The Copyright Act of 1912, AKA the Townsend Amendment, was the next legal action instituted, and it was an amendment of the previous. It added motion pictures as an entity protected by copyright. [6] The amendment added two new categories to section 5 of the 1909 Copyright Act entitled “motion picture photoplays” and “motion pictures other than photoplays.” [7]  This amendment was a direct response to the ever-changing technological space, particularly in entertainment, that was evolving during this time period.

Another amendment that was instituted during the 20th century was the Sound Recording Amendment of 1971 which was created on October 15th and put into action on February 15th, 1972. The point of this amendment was to guard sound recordings. [8] This amendment therefore created a direct method of protecting this form of copyright, whereas previously, it was only protected through common law (state basis) or through criminal law.

On July 7, 1961, The Copyright Act of 1976 was instituted and was a revision of the 1909 Copyright Act, as another update due to technological advances. Commercial TV and radio stations were booming, and there needed to be a way to protect for the duplication of these materials.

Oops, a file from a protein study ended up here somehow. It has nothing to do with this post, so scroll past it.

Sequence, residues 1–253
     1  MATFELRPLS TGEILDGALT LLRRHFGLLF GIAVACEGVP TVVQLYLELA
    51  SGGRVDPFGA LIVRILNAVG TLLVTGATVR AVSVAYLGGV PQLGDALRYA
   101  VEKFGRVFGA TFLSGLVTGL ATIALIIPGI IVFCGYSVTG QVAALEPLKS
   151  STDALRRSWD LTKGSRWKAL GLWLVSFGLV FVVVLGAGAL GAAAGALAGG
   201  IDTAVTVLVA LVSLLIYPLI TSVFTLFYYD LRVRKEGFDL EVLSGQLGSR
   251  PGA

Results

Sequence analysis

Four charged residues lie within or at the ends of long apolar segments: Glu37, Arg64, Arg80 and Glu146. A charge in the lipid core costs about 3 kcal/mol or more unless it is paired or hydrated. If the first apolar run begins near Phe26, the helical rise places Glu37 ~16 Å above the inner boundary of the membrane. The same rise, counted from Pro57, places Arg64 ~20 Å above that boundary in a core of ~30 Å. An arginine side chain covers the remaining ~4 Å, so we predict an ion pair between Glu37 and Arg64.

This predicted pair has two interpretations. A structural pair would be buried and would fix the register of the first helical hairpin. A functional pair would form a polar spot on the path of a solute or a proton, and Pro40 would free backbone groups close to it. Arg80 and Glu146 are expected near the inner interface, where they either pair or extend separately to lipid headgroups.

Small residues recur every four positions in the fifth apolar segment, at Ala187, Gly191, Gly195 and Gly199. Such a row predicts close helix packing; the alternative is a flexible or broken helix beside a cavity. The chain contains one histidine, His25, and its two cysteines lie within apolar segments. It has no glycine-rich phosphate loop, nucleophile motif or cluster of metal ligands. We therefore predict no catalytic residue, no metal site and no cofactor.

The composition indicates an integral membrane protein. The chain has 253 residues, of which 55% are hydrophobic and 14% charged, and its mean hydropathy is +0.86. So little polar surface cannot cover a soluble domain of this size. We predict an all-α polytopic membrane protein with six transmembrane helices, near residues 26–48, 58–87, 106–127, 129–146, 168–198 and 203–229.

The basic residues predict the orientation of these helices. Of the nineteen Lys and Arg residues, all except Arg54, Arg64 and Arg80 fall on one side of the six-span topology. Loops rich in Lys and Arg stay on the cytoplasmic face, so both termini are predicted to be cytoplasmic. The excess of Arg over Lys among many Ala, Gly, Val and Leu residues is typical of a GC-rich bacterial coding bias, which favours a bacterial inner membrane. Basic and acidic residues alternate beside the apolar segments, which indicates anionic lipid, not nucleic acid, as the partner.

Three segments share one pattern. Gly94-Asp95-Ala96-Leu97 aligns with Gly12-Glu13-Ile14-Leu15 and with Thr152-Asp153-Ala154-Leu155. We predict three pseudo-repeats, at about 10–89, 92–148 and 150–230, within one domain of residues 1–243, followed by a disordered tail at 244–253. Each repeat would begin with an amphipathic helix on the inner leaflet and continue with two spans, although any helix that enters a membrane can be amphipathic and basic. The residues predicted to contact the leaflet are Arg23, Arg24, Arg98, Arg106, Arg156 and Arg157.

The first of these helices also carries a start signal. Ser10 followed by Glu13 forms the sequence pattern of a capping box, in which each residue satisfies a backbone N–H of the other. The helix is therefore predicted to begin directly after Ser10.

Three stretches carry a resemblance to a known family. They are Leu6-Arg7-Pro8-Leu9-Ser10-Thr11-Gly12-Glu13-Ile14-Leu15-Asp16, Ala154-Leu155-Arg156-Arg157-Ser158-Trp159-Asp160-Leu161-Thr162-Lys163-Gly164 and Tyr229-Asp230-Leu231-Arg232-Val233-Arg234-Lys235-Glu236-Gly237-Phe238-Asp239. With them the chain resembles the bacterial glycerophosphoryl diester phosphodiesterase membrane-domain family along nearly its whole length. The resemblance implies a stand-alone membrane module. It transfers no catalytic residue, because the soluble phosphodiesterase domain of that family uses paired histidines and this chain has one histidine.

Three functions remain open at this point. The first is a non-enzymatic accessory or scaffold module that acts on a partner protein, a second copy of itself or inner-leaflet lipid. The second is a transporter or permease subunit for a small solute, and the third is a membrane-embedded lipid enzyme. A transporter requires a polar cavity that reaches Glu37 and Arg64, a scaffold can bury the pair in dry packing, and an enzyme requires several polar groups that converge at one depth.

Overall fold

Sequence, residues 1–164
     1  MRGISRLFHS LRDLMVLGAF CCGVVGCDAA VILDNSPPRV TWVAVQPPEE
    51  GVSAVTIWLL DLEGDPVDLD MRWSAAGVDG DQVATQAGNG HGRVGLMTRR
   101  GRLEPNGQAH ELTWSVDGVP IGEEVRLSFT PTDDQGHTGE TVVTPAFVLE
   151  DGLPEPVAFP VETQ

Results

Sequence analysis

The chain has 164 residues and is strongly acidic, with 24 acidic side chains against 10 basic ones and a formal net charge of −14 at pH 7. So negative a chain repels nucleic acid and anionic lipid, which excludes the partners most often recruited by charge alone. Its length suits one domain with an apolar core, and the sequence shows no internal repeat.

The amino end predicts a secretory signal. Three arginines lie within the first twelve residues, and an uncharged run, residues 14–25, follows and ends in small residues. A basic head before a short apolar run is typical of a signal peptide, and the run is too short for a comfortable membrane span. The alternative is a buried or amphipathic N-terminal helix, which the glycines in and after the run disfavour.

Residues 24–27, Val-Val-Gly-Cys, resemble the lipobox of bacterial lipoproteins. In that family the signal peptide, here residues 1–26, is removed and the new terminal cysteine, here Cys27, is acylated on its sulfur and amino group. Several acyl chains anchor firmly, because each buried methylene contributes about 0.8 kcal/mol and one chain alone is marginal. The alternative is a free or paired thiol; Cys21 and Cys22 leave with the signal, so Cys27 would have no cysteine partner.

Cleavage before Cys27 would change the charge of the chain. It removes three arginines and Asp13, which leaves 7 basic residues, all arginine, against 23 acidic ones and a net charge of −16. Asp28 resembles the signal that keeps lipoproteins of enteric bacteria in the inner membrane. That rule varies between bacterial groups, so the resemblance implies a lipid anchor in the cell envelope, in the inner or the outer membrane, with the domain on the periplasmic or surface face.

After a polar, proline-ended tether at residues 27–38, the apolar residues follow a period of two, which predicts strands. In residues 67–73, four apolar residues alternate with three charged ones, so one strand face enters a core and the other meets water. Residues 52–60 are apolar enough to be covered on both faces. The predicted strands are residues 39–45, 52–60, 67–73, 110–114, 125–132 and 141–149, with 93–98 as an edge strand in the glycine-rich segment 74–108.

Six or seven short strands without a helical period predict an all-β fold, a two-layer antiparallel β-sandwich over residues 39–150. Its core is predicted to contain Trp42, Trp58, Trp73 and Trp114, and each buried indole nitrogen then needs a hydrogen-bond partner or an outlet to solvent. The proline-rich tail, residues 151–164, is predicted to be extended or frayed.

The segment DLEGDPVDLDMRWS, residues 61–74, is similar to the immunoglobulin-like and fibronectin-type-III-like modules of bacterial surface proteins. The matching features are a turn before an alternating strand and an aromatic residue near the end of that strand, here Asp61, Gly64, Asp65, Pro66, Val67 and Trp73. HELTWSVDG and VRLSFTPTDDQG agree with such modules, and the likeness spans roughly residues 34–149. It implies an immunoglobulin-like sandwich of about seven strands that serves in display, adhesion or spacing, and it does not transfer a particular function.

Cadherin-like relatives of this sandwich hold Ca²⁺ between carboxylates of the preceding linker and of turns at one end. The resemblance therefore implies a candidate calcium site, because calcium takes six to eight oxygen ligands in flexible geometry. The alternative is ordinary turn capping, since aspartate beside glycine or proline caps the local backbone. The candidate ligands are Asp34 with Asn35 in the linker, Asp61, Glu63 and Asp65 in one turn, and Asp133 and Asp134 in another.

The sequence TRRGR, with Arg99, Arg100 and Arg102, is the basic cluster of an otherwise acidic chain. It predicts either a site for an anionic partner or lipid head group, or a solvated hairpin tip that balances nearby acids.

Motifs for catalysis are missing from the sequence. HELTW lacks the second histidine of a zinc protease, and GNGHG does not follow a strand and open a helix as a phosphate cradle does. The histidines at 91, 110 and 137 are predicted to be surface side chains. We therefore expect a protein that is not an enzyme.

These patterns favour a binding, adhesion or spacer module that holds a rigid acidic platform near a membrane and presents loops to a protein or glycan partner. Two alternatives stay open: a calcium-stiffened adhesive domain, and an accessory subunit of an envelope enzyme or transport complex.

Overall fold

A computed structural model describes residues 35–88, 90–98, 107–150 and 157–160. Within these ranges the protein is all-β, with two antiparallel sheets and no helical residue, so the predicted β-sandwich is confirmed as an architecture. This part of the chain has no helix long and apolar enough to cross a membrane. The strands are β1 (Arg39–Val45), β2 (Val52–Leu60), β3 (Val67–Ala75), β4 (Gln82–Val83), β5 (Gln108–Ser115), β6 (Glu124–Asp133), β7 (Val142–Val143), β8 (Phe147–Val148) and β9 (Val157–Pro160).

The Berne Implementation Act of 1988 was related to the previous Berne Convention from the 1800’s. The Berne Convention, however, was not adopted by the United States at the time and was a murky way of protecting copyright. The US therefore enacted the Chace Act in 1891 in order to bridge this gap, providing foreign authors with protection. This did not solve the complete issue, however, as the manufacturing clause of the Berne Union stated that the production of literature in part had to be done in the US or Canada. The result was the Berne Implementation Act which was formally instituted by then President Ronald Reagan on October 31st, 1988. This process was deemed easier than before, as it regulated filing requirements and expanded to 20 new nations. [9]


History of United States Copyright
[1] The invention and History of the Printing Press, PsPrint, https://www.psprint.com/resources/printing-press/ (last visited June 4, 2018).
[2] Thomas F. Cotter, Gutenberg’s Legacy: Copyright, Censorship, and Religious Pluralism, 91 Cal L. Rev 323, 325-26 (2003).
[3] Statute of Anne, 1710, 8 Ann., c. (Eng.)
[4] Jeremy Norman, The Statue of Anne: The First Copyright Statute (1709), HistoryofInformation.com, http://www.historyofinformation.com/expanded.php?id=3389 (last updated June 3, 2018).
[5] Copyright Act of 1909, Revolvy, https://www.revolvy.com/topic/Copyright%20Act%20of%201909.
[6] United States Copyright Law, History of Copyright What are Copyrights? HTTP://HISTORYOFCOPYRIGHT.ORG/PB/WP_FE548A29/WP_FE548A29.HTML .
[7] William F. Patry, Copyright law and Practice 61 (1994).
[8] Patry, supra note 12, at 73.
[9] United States Copyright Law, supra note 11.